The 2016 Corporate Equality Index, published online on Wednesday, November 18, has revealed the most gay-friendly companies in the United States, as well as other trends related to discrimination at the workplace.
The study, spearheaded by the Human Rights Campaign has been carried out ever since 2002, in order to assess which businesses are the most accepting and tolerant towards the LGBT (lesbian, gay, bisexual, transsexual) community.
Officially, 851 companies have been evaluated, and unofficially 176 Fortune 500 businesses were also ranked, based on their preoccupation with supporting the LGBT cause and on their commitment to providing transgender-inclusive health care, as well as domestic partner benefits for their employees.
Another indicator included in the report was whether they had introduced and implemented a code of conduct or a series of policies in order to vehemently forbid all instances of discrimination based on gender identity and sexual orientation.
In total, around 407 companies managed to meet all expectations, and achieved a full 100% score based on these criteria, being therefore deemed among the “Best Places to Work for LGBT Equality”. This shows some progress in comparison with last year, when 366 major employers in the United States were presented with this title.
Some of the tech businesses which scored the highest points were Accenture , Adobe, AT&T, Apple, Dell, Facebook, Google, Microsoft, Oracle, Sony, T-Mobile, Twitter, Uber, Xerox, and Yahoo.
Also topping the list were other famous companies such as Abercrombie & Fitch, Adidas, Campbell Soup, Coca-Cola, Unilever, Walt Disney, Avon, Dow Chemical, IKEA, Johnson & Johnson, Kellogg, Macy’s, Shell, Chevron, Bank of America, Whirlpool, General Electric and Ford Motor.
On the other hand, little progress in the advancement of LGBT rights was identified at businesses such as: Rolls-Royce (60 points), Hawaiian Airlines (65), Fossil (60), Honda (50), Goodyear (10), TRW (10), Acer (25), McAfee (20), iHeartMedia (55), Dr Pepper (60), Mayo Clinic (65), Exxon Mobil (40), Kohl’s (60) and RadioShack (40).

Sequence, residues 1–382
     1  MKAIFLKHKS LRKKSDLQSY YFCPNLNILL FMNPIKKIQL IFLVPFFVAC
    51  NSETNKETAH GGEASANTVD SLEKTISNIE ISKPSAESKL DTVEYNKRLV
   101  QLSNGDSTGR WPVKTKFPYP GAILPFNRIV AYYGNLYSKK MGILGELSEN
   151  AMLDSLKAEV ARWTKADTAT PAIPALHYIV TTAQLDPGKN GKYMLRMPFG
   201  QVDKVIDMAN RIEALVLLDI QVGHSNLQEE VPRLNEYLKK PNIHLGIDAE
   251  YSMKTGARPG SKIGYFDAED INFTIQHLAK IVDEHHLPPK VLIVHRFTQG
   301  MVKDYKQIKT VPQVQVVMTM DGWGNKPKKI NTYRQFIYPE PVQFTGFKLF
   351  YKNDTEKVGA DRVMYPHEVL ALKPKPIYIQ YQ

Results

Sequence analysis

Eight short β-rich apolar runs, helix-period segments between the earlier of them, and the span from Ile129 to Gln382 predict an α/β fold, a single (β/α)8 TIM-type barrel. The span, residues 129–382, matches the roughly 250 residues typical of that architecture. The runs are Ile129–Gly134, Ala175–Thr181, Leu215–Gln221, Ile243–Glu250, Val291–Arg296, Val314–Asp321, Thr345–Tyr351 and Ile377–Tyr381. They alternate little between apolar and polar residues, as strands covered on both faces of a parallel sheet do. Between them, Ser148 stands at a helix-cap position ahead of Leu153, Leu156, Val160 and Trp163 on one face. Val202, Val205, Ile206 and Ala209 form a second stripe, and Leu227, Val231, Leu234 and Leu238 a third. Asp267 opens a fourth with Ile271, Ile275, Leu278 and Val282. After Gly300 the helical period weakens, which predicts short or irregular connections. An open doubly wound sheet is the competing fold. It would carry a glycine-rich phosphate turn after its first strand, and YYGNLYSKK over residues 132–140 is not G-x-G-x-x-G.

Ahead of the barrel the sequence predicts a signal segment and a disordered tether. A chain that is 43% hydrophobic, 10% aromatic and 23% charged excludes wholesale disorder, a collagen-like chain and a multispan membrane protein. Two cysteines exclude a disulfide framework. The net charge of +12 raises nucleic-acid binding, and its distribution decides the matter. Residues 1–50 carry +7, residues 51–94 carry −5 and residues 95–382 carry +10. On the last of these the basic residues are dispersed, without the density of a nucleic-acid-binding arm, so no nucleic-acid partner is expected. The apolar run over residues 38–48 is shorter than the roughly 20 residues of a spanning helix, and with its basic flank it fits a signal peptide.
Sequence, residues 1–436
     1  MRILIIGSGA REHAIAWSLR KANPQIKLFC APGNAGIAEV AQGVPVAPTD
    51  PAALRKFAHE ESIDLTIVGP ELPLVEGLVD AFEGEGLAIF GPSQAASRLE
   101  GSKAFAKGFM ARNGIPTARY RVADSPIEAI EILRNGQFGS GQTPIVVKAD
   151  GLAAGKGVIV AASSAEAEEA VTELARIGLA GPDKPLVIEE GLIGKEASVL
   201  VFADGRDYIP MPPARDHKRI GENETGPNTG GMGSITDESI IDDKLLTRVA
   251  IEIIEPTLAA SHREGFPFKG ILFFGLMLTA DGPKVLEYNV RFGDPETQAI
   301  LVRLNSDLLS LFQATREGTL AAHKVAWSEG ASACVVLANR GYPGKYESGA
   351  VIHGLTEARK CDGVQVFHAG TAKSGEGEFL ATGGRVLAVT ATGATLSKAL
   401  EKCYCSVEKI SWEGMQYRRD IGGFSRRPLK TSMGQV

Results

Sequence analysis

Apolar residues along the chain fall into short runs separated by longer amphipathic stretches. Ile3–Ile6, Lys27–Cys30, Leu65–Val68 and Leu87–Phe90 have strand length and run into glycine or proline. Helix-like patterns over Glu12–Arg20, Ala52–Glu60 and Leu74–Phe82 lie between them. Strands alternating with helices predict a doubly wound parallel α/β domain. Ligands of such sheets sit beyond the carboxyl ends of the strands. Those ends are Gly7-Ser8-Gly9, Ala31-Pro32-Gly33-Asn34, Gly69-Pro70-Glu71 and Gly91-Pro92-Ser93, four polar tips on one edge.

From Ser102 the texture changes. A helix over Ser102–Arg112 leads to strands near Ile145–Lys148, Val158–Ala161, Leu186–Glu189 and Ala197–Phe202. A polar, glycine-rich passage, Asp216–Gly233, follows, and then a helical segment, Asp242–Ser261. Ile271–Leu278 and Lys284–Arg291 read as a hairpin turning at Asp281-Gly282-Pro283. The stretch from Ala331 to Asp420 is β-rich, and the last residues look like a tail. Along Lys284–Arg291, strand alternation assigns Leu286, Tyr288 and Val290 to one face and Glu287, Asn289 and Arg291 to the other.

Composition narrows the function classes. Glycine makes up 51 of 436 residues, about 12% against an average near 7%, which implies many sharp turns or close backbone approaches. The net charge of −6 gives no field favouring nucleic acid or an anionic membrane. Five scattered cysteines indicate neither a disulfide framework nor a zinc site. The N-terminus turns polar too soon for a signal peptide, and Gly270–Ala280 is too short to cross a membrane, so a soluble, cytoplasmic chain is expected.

Despite the fact that such companies are still trailing behind when it comes to being LGBT-inclusive, overall some positive trends have been identified, which is remarkable especially since evaluation criteria are much stricter now.
For instance, international companies have been assessed not only based on how they conduct domestic operations, but also on how gay-friendly they are in their off-shore subsidiaries.
A total of 511 businesses surveyed this year by HRC now provide health plans that cover transgender individuals, an increase of 150% since 2012 when this indicator was first introduced in the assessment. In addition, support for those who are transitioning is being offered by over 330 firms surveyed by researchers.
Moreover, discrimination based on gender identity is now strictly prohibited in around three-quarters of Fortune 500 companies, the percentage having risen by 3% since 2002.
Nevertheless, according to Chad Griffin, HRC President, it’s still imperative to continue the mission for LGBT equality among workers, in order to ensure employee protection and benefits worldwide, regardless of gender identity and sexual orientation.
While in theory some companies might have incredibly thorough and complex nondiscrimination policies, what happens in real life might be an entirely different story altogether. Some local governments make it impossible for certain companies to actually implement their LGBT-inclusive procedures.
For example, Chevron and Shell, who both received perfect scores, conduct operations in Saudi Arabia, where homosexuality is punishable by flogging, and in Nigeria where same-sex sexual activity is illegal, and the most severe penalty for this supposed crime is death by stoning.
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